I can only speak for myself.
As two US aircraft carrier battle groups steam towards the Korean peninsula, it’s hard to find stories of frightened South Koreans and Japanese citizens panic-buying food and heading for their cellars. Is their relative calm the result of decades of wolf-crying? Are they immune to the hysterical rhetoric coming from the North? Or are they fatalistic enough to believe that the apocalypse will come whatever they say or do?
If those closest to the potential conflict zone are maintaining a stiff upper lip, then the reaction of us Westerners seems almost comatose in comparison, despite efforts on the part of newspaper leader writers to persuade us otherwise.
Compare the situation to 2003, before the US and its allies, including my country, invaded Iraq. Mass demonstrations, demands to stop the war, dire warnings of casualties. Agonising over the existence or otherwise of a legal casus belli. And on the Iraqi side, as in 1991, blood-curdling, ornate rhetoric in classical Arabic.
Don’t we care about the million people who – according to China – might die in a conflict, nuclear or otherwise, between the US and North Korea? Or are we all lined up behind the mantra of national security, fearful that a deranged regime is developing weapons capable of destroying Los Angeles, San Francisco and Seattle, and satisfied that the US has every right to pre-empt that threat, as it did in Cuba in 1962?
We’ve been here before, and more recently than 1962. Perhaps the difference between today and the run-up to the Iraq war is that in 2003 there was no evidence that Saddam Hussein had nukes that could strike London, Paris or Frankfurt. Only the possibility that he had hidden his WMDs, and that at some stage he would retrieve them from his bunkers to threaten his neighbours again.
Back then, there was an argument that old age, or his own internal enemies, would eventually do for Saddam. And indeed John Nixon, the CIA operative who led the debriefing of Saddam after his capture, contends that Saddam was by that time semi-detached, more concerned with writing novels, and leaving the details of government to his henchmen.
Had not the Arab Spring intervened, it’s likely that the West would have left Muammar Gaddafi to moulder, especially as he had forsworn his WMDs.
In both cases, we took an active role in regime change, with tragic results that led many who survived the subsequent chaos in Iraq and Libya to look on the eras of Saddam and Gaddafi as golden ages.
Which brings us back to the equally (at least in our perception) loathsome dictator who is quite happy to build his missiles while a significant number of his people remain undernourished and frequently starving.
Aside from the potential toll in lives – and that’s a big aside, especially if the conflict turns nuclear – we have to consider the economic consequences of a second Korean war. We may think that the deaths of a million nameless Asians is sad, even horrific, but of little consequence to those of us who have never visited Korea or Japan.
But the potential economic shock should get our attention. South Korea’s economy is the thirteenth largest in the world. Japan’s is the third. Think of the disruption to supply chains that a conventional war – let alone a nuclear conflict – might cause. We have come to rely on our Samsung phones, our Toyota cars and all the components manufactured in both countries that are essential to the technology that keeps us ticking just about everywhere in the world.
Think also of the insecurity that would follow a nuclear detonation in anger. A taboo, once broken, is no longer a taboo. The unthinkable becomes thinkable. Soon enough those who have never sought nukes might think again.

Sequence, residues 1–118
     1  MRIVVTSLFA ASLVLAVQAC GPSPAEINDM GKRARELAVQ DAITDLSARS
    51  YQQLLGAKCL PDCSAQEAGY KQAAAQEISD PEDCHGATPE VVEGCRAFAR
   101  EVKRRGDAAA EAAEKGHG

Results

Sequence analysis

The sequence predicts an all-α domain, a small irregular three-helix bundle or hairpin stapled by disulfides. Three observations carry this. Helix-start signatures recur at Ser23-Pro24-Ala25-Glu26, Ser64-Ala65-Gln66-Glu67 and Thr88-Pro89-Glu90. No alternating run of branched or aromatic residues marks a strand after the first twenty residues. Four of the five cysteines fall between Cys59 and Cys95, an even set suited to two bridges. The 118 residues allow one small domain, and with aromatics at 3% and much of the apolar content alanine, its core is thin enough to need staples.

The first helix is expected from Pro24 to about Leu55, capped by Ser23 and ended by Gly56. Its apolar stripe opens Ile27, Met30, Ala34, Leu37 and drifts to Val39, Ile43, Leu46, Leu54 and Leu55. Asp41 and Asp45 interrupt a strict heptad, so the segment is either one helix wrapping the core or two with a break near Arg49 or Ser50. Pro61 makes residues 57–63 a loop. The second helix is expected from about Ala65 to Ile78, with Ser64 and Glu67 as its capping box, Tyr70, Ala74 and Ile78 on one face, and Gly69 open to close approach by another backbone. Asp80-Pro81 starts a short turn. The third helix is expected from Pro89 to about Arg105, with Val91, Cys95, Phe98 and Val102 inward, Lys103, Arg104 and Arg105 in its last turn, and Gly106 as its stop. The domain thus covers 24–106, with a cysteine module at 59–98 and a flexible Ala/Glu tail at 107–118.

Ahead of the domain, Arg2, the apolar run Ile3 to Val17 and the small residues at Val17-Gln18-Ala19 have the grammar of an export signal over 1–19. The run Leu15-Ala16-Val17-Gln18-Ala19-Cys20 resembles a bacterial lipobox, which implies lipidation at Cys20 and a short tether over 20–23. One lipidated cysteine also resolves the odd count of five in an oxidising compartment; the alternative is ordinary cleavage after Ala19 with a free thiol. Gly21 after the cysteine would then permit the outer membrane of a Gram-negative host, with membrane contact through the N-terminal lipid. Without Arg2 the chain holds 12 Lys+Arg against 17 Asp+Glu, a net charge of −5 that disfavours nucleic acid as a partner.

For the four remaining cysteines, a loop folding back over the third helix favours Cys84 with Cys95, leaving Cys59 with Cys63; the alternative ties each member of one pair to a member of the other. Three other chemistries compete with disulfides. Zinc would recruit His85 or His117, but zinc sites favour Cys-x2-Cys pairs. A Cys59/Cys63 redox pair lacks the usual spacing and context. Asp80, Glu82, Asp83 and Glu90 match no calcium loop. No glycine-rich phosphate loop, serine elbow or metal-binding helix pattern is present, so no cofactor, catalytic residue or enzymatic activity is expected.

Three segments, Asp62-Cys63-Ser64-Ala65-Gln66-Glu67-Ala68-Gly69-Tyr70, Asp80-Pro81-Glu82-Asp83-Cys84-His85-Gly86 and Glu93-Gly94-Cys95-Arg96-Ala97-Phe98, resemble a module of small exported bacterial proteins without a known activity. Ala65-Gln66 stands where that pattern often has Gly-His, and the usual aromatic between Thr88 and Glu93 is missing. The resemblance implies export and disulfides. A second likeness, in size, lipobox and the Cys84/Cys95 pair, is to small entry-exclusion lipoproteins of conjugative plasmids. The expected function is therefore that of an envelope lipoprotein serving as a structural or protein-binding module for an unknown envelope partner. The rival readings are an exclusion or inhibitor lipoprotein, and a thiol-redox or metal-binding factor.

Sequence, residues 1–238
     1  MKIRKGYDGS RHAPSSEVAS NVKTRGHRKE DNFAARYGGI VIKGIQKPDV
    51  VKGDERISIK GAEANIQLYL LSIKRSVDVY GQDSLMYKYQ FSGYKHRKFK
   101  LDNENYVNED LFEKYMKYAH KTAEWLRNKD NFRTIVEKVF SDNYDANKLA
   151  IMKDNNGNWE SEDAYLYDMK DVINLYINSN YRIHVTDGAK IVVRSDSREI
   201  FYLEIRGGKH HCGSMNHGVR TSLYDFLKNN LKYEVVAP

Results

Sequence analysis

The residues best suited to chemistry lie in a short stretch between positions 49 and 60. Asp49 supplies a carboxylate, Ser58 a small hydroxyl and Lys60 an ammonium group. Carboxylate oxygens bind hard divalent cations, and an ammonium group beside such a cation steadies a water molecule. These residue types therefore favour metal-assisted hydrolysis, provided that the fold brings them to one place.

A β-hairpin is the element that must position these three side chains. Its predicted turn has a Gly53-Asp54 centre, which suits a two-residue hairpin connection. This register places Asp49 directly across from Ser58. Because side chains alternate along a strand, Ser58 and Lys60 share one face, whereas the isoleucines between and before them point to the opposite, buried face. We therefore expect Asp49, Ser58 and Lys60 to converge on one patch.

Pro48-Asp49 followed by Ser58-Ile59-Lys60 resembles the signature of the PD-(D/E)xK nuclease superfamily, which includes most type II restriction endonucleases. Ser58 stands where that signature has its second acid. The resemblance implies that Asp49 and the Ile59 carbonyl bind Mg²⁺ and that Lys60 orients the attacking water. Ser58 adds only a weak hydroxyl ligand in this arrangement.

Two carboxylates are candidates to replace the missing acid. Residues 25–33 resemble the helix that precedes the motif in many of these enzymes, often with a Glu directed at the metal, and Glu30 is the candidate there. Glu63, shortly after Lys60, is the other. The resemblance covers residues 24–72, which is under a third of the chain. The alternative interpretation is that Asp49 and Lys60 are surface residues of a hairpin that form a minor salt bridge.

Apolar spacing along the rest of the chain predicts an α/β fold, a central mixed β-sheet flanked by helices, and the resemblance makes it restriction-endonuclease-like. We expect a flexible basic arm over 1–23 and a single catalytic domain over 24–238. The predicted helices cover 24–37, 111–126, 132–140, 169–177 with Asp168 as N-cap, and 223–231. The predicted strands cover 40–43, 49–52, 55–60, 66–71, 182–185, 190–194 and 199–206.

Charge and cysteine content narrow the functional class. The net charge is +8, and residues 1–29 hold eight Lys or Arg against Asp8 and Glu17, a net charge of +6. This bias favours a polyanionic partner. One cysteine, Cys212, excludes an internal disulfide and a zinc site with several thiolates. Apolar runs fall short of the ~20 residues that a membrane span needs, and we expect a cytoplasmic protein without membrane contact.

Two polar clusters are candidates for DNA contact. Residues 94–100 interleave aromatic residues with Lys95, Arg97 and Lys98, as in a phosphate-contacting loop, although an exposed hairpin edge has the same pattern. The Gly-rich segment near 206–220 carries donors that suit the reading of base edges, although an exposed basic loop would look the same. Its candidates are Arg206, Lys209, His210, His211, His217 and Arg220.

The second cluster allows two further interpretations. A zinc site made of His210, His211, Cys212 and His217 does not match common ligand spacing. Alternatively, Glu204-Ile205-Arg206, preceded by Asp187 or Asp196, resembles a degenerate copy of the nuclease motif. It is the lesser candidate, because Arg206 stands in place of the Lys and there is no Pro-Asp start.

This would not be a local war. In its consequences, it would be a global war, and perhaps a foretaste of worse to come. So you could argue that we should be more concerned than we appear to be.
Back to the subject of the failed missile test. What is its significance?
People who love theorising about dark dealings will no doubt come up with plenty of explanations. Speculation may well be focused on five possibilities:
- That is was a cock-up. The launch failed because launches sometimes do. That’s the purpose of a test – to see if something works.
- That the US or one of its proxies have hacked the missile program and caused the launch to abort.
- That the Chinese, fearful of the consequences of war on their doorstep, did the hacking, perhaps in concert with the US.
- That this was a face-saving exercise. Kim Jong Un knew that launch would fail, but managed to save face by going ahead with it, but calculating that there would be minimal US response.
- And lastly, that elements within the North Korean military, unbeknown to Kim, sabotaged the launch as an act of resistance to the regime, or in the certain knowledge that they would bear the brunt of any retaliatory strike.
Whatever lies behind the failed launch, the US flotilla draws ever closer to the Korean peninsula. Mike Pence is due in Seoul to consult with the South Korean government. Is a decision about to be made? Not surprisingly, we don’t have a clue. Whether Trump has a coherent plan is also questionable.
I don’t believe that even he, with his grown-up generals at his side, will start launching nukes at the drop of a hat unless Kim does so first. Instead, will the battle groups sit close to the mainland like dark avengers, armed and ready to pull the trigger in order to pile the psychological pressure on Kim, and perhaps to encourage his military to save their skins by acting against him? Or has Trump already decided to take the shot? Would such an act of war be legal, and would Trump care?
All I know – at least from my layman’s perspective – is that if, as many military analysts claim, North Korea is years away from being able to launch its missiles against America, there’s plenty of time and scope to use other means of bringing him down, be it by economic pressure, covert subversion, cyber-warfare or a combination of all three. Even if thus far diplomacy has proved to be futile, have we really exhausted all other options beyond blasting North Korea to smithereens and shattering the economies of the entire region?
Whatever transpires over the next few days, this is some game of poker.